The average child can read and write by the second grade. In  a classroom of 25 children there will average ten children who are far ahead of everyone else in ability and there will be ten children who are far below the other children’s ability. That leaves about five children who get it and are able to keep up with the upper ability kids. The children who are ahead are loaded down with busy work. While the teacher is re-teaching the other children, they must work on that busy work. By the second grade most of these kids have figured out that what they have been given is busy work. These smarties are likely to race ahead, finish everything and then proceed to disrupt the entire classroom. They are bored. Bored children are not well-behaved children. At this point they are not able to figure out on their own that there are other things to accomplish, other books to explore, other concepts to delve into. They are simply bored. This can carry on into middle school and high school. My experience has been that if a bright child in high school who is bored and who is not involved in sports will experiment with drugs, just saying.

This homogenization of children might have seemed like a good idea at the time. After all, we certainly don’t want any children with low self-esteem(!). But the problem is that the process only created more specialization teachers to be trained for pulling out the low-ability children, and do you not think these children KNOW that they are not the same as the other children. Of course they do. They may not be able to do the math or the language arts but they sure as heck know that they can’t keep up. And what about the self-esteem of the brighter children who now must get fussed at for bothering the rest of the class because they are finished with their busy work?

Don’t you just love that your children are the guinea pigs being used for all sorts of educational experiments?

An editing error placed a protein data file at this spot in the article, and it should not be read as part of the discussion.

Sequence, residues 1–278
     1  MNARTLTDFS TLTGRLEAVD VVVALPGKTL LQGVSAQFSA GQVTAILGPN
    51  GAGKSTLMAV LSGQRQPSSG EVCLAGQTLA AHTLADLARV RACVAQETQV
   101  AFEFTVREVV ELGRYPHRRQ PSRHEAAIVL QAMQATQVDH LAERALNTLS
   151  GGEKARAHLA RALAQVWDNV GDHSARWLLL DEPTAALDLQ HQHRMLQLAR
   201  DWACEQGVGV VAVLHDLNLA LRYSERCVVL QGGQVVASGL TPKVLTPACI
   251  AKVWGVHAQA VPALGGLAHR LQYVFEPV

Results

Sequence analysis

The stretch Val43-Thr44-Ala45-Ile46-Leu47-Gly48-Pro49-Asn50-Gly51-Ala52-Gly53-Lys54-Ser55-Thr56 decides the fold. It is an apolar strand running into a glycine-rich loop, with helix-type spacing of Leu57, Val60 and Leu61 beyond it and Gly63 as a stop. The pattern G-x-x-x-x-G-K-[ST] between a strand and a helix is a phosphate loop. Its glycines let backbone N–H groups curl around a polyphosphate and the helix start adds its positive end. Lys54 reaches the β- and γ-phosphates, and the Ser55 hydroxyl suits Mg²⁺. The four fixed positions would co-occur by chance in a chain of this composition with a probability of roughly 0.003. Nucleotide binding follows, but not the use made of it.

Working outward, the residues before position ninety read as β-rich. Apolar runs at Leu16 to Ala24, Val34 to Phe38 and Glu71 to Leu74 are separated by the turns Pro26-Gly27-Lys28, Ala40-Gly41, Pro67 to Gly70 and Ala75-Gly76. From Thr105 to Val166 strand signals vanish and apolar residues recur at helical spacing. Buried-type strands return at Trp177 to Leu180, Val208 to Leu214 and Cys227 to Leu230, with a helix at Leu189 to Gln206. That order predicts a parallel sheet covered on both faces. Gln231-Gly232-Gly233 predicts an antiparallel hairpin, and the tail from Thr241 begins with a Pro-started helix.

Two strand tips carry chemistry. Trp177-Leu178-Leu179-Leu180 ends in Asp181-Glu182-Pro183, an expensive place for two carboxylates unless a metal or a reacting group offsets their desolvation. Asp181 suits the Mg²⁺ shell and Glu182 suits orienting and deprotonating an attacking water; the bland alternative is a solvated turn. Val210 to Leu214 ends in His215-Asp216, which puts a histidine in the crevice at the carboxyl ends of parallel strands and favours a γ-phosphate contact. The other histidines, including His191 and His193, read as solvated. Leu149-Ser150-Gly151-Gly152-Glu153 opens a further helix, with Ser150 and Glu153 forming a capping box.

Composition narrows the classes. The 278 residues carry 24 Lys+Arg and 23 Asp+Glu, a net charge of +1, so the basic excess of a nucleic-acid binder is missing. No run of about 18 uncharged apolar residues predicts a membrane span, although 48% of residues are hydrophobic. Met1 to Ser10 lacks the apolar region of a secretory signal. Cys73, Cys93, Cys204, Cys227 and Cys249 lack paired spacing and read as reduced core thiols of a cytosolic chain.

After my children went through one of the country’s top-rated school districts (and the most culturally diverse) the only thing standing between them and a good college education was their lack of education and the ability of their mom and dad to write a check.

I will write more about gifted and talented and the special needs children in public education at a later date.

 

 

 

About Language

Madeleine L'Engle
Madeleine L’Engle (Photo credit: Wikipedia)

Madeleine L’Engle wrote in Walking on Water, Reflections on Faith and Art, that “We cannot Name or be Named without language. If our vocabulary dwindles to a few shopworn words, we are setting ourselves up for takeover by a dictator. When language becomes exhausted, our freedom dwindles – we cannot think; we do not recognize danger; injustice strikes us as no more than ‘the way things are’.”

My stints as long-term English high school substitute would last a semester at a time. I had been doing this since my own children began high school. When my youngest child graduated, and I was contemplating my return the following fall, and the other English department teachers were begging me please, I realized I couldn’t. I had to say enough was enough.

I had a hundred and fifty-six students. The majority were great. But my last class of the day got to me. Too many times the police would come for one or two and take them out in handcuffs, because they had been reported abusing drugs on campus or worse. I called them my “Welcome Back Kotter” class and they didn’t know what I was talking about. (Look it up!)

What struck me the most, I think, was their lack of language. These students grew up in affluent neighborhoods, had all they needed, never went hungry but when anger got the best of them they couldn’t come up with better adjectives than the over-used oldies everyone knows. These unacceptable words punctuated their every other sentence. It’s all they had for adjectives.

I even gave them lists of alternatives.

I handed my students tools on how to memorize grammar rules or spelling rules in order to get by with a wider range of vocabulary, but so many still couldn’t define the difference between an adverb or an adjective. I have to admit I didn’t like grammar in school either. So my attempts at making it fun fell short. Very few showed serious interest, which is normal for high-school kids. School being the waste of space between getting up and partying.

That was six years ago. Recently I saw one of the boys who was one of those removed from school. He delivered my pizza. He didn’t recognize me, and I didn’t set him straight. He was probably too high in class to be able to remember what I looked like.

I see signs in shops all over town with incorrect spelling and incorrect usage of apostrophes.

Men haircuts

We have best wing and shrimps

The English language is a morphing language. It changes. It grows. It is alive. Since educating the care-less teens is like pushing a barrow of bricks uphill. My hope is that we can better educate the adults who make signs to strive to be better. Because at least they are trying. I fully support Jeff Deck and Benjamin D. Herson in the quest to change America’s typos. (The Great Typo Hunt) Good for them. While not quite walking on water, they are making waves.